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Doctoring the MindIs Our Current Treatment of Mental Illness Really Any Good?$
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Richard P. Bentall

Print publication date: 2009

Print ISBN-13: 9780814791486

Published to NYU Press Scholarship Online: March 2016

DOI: 10.18574/nyu/9780814791486.001.0001

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Therapeutic Innovation at the End of the Asylum Era

Therapeutic Innovation at the End of the Asylum Era

Chapter:
(p.42) 3 Therapeutic Innovation at the End of the Asylum Era
Source:
Doctoring the Mind
Author(s):

Richard P. Bentall

Publisher:
NYU Press
DOI:10.18574/nyu/9780814791486.003.0003

This chapter explores the treatments developed during a period of innovation that followed the Second World War. The discoveries of this period revealed a constant dialectical tension in the history of mental health care: between those who seek technical remedies for psychiatric problems, and those who argue that empathy and warmth are the most powerful therapeutic tools available to the clinician. The emergence of the new therapies coincided with the end of the asylum system. The most common term given to this trend is deinstitutionalization, a term that acknowledges the harm that long-term incarceration does to those contained within the asylum walls. The chapter demonstrates how the availability of new drug therapies played an important role in establishing psychiatric treatment in the community, and that, without crucial advances in pharmacology, the closure of the asylums would not have been possible.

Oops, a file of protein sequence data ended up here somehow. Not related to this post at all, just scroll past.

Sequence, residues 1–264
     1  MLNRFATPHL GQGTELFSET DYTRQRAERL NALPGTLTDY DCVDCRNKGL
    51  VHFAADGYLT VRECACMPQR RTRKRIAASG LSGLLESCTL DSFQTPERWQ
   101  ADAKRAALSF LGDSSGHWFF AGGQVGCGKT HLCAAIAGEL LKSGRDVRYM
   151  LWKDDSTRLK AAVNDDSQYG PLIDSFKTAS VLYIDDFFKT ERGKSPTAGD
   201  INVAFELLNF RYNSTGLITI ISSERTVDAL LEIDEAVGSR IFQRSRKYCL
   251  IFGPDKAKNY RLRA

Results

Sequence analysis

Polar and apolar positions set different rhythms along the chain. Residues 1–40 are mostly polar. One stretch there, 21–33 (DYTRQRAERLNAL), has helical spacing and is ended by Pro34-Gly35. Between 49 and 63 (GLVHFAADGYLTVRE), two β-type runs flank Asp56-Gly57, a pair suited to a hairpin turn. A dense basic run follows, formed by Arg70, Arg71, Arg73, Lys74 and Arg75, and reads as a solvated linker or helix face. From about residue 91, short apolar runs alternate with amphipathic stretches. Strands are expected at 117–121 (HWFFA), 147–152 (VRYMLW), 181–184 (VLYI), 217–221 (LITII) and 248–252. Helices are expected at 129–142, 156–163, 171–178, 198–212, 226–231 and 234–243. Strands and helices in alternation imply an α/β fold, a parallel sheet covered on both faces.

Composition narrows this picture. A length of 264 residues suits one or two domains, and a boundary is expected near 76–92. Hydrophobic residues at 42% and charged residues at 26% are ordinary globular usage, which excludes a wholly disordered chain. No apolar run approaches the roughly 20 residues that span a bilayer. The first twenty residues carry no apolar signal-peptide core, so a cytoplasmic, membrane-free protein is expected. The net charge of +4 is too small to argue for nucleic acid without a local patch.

Keywords:   mental health care, psychiatric problems, asylum system, deinstitutionalization, long-term incarceration, new drug therapies, pharmacology

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